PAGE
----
Two more candidates were poised to join race for leadership of Britain's opposition Conservative Party on Thursday, including the presumed front-runner.
At least five candidates in the chase hope to revive a party which has lost three straight national elections, and gone through three leaders since 1997.
David Davis, 57, the party's spokesman on law and order issues, is widely regarded as the leader in the race. He planned to launch his "manifesto for modern Conservatism" with a morning speech.
David Cameron, 38, the party's education spokesman, planned to kick off his campaign an hour later.
Davis' main opponent, however, appears to be former Treasury chief Kenneth Clarke, 65, the best known of the candidates.
Also in the race are former Foreign Secretary Malcolm Rifkind, 59, and health spokesman Liam Fox, 43.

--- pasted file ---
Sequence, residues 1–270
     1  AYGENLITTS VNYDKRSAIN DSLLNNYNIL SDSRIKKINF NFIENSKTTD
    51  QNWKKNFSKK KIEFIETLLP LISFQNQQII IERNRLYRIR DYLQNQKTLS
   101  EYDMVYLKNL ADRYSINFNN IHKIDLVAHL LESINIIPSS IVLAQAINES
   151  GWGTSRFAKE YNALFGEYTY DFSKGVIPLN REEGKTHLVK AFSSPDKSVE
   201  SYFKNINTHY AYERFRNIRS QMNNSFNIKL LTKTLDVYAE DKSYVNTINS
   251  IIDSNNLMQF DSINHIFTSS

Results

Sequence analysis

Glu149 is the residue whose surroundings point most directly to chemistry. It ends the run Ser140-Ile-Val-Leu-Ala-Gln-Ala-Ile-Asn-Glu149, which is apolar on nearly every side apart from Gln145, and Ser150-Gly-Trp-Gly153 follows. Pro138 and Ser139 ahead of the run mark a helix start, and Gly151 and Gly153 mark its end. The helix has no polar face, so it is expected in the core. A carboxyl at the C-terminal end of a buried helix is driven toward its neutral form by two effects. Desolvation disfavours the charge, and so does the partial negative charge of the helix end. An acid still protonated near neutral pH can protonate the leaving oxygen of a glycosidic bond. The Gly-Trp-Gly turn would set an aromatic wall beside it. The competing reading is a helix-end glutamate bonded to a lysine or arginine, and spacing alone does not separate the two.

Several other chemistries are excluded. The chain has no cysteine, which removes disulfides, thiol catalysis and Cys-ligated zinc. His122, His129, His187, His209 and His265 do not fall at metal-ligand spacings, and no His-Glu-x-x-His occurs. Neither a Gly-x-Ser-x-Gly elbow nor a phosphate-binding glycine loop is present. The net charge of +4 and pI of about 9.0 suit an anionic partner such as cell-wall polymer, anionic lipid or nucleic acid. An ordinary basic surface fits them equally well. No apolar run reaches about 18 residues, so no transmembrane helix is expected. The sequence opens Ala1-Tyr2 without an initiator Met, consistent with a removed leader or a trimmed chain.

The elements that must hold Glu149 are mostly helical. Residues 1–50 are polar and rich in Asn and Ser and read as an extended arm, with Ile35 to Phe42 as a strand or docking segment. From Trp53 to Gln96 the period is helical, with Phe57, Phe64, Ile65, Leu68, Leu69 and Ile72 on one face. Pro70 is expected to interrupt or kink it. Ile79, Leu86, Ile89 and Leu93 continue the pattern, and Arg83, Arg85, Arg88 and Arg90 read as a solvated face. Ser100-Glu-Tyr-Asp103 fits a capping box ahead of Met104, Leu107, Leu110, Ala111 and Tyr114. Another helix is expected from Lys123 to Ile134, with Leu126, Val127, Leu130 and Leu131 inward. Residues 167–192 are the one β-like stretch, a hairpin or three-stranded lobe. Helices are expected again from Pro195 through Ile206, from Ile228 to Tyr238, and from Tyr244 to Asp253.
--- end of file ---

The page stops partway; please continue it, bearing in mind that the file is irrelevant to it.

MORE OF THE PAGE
The party's current leader, Michael Howard, announced he was quitting in May, immediately after the party lost for a third time to Tony Blair's Labour Party.
Although the Tories did win the 1992 election under John Major, the party has struggled ever since Margaret Thatcher's 11-year run in power ended in 1990.
The Conservatives will hold their annual conference next week, but the leadership race may not be decided until December.
Blair professed to be unconcerned about the outcome of the Tory race, informs the AP. I.L.